What to know about nutrition and immunity during COVID-19


Editor’s note: As what we know about COVID-19 evolves, so could the information contained in this story. Find our most recent COVID-19 blog posts here, and learn the latest in COVID-19 prevention at the Centers for Disease Control and Prevention.

The relationship between nutrition and the immune system has been a topic of interest for many with the increasing impacts of the COVID-19 pandemic. There are many articles, interviews and social media posts detailing various foods, supplements and diets to help prevent getting this virus. But does anything actually help?

There are definite connections between getting enough nutrition and immune function. It’s well understood that people who are malnourished or who don’t get enough nutrients can have a weakened immune system. Some individuals who may be at a higher risk for a weak immune system are those with chronic diseases and the elderly. However, most healthy people can stay nourished and avoid deficiency with a healthful diet.

According to the Academy of Nutrition and Dietetics, here’s how these major nutrients promote a healthy immune system:

  • Protein plays a role in the body's immune system, especially for healing and recovery. Eat a variety of protein foods, including seafood, lean meat, poultry, eggs, beans and peas, soy products, and unsalted nuts and seeds. Avoid highly processed meats like hot dogs, bacon and chicken nuggets, since these don’t have as many nutrients.
  • Vitamin A helps protect against infections by keeping skin and tissues in the mouth, stomach, intestines and respiratory system healthy. It’s found in sweet potatoes, carrots, broccoli, spinach, red bell peppers, apricots, eggs or foods labeled "vitamin A fortified," such as milk and some cereals.
  • Vitamin C supports the immune system by stimulating the formation of antibodies. Include more sources of this healthy vitamin by choosing bell peppers, oranges, grapefruit and tangerines, papaya, strawberries, broccoli and tomatoes.
  • Vitamin E works as an antioxidant and helps boost immune function. Include vitamin E in your diet with fortified cereals, sunflower seeds, almonds, vegetable oils (such as sunflower and safflower oil), hazelnuts and peanut butter.
  • Zinc helps the immune system work properly and may help wounds heal. Zinc can be found in lean meat, poultry, seafood, whole grain products, beans, seeds and nuts.
  • Selenium is an important mineral for immune function and your metabolism. Get it from nuts, especially Brazil nuts and walnuts, fish, meat, poultry and whole grains.
  • Other nutrients, including vitamin B6, B12, copper, folate and iron also may support your immune system and play a role in a healthful eating style.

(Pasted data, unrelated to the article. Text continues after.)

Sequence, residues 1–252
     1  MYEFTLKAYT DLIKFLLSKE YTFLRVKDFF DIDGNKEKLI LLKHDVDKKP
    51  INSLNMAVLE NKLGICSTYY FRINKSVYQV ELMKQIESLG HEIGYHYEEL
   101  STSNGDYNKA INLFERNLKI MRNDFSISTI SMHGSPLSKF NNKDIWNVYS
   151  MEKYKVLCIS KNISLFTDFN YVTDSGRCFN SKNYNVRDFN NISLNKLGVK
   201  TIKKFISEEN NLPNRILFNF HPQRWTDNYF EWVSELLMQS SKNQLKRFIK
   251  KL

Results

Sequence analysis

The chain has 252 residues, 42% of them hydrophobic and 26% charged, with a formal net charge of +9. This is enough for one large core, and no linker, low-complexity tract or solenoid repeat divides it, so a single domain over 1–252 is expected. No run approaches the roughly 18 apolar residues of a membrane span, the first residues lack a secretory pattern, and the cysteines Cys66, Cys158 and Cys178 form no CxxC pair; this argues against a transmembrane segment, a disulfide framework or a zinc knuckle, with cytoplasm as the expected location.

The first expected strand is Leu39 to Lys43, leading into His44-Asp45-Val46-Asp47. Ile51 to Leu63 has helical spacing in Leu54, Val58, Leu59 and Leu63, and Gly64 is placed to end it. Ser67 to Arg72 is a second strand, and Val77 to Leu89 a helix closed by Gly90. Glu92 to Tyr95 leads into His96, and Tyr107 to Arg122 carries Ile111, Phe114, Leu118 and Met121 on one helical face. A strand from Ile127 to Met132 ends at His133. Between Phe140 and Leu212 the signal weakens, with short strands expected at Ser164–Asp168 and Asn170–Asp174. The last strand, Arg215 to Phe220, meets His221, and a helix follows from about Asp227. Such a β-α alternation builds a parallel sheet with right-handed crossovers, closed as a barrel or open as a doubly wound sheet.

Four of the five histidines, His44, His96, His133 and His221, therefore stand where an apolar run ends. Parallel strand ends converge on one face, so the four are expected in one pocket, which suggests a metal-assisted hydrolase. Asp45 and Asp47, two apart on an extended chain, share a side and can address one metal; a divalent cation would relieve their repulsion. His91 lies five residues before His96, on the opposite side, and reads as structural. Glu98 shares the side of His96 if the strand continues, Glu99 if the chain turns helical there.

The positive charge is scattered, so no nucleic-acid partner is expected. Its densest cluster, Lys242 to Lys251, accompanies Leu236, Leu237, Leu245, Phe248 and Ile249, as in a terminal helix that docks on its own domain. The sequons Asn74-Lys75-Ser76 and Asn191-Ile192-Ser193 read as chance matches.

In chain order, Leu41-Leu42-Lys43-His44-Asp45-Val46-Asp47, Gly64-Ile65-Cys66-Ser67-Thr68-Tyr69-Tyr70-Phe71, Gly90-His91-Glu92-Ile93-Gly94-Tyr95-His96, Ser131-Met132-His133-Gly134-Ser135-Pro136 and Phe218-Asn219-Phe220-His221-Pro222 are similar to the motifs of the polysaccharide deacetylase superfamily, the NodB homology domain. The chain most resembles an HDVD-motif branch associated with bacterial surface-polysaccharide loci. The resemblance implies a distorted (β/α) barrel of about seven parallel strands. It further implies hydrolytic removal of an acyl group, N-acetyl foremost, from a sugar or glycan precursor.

• Phytochemicals from plant foods can act as antioxidants to help neutralize free-radicals that can cause harm to the body. Phytochemicals come from plants like fruits and vegetables and some beverages like tea and coffee.

To get the recommended servings of each food group, the United States Department of Agriculture’s MyPlate is a great resource to show what to include at meals to achieve a general, healthful diet that provides the nutrients we need to keep our immune systems strong.

Does taking supplements help protect against COVID-19 and other viruses?

There are no dietary supplements that can prevent or cure COVID-19. Many unregulated supplements are being sold and advertised as curative for COVID-19. Unregulated supplements can be dangerous to your health, especially when taken with prescription medications for chronic health conditions. Check with your physician before beginning any type of nutrition supplement. The best way to get the necessary nutrients is from whole foods.

There are many dietary supplements that advertise as being able to fight off the common cold or rhinovirus. However, there’s no solid evidence that supplements can prevent disease caused by viruses. Unfortunately, supplements can be sold with labeling that may make you think otherwise. Vitamin C is a good example of this. In a review discussing the use of vitamin C supplementation in prevention and treatment of the common cold, vitamin C supplementation prior to the start of cold symptoms wasn’t found to prevent getting a cold, and had only a small effect on the length of illness or severity of symptoms. There was no reduction in symptoms/severity found in those who supplemented at the start of their cold. 

In times like these when there are many mixed messages out there, it’s important to remember there are no good or bad foods. Frozen, canned and packaged foods are good options to help you keep nourished and shop less frequently, so you can stay safely at home.

Samantha Cochrane is a registered dietitian at The Ohio State University Wexner Medical Center.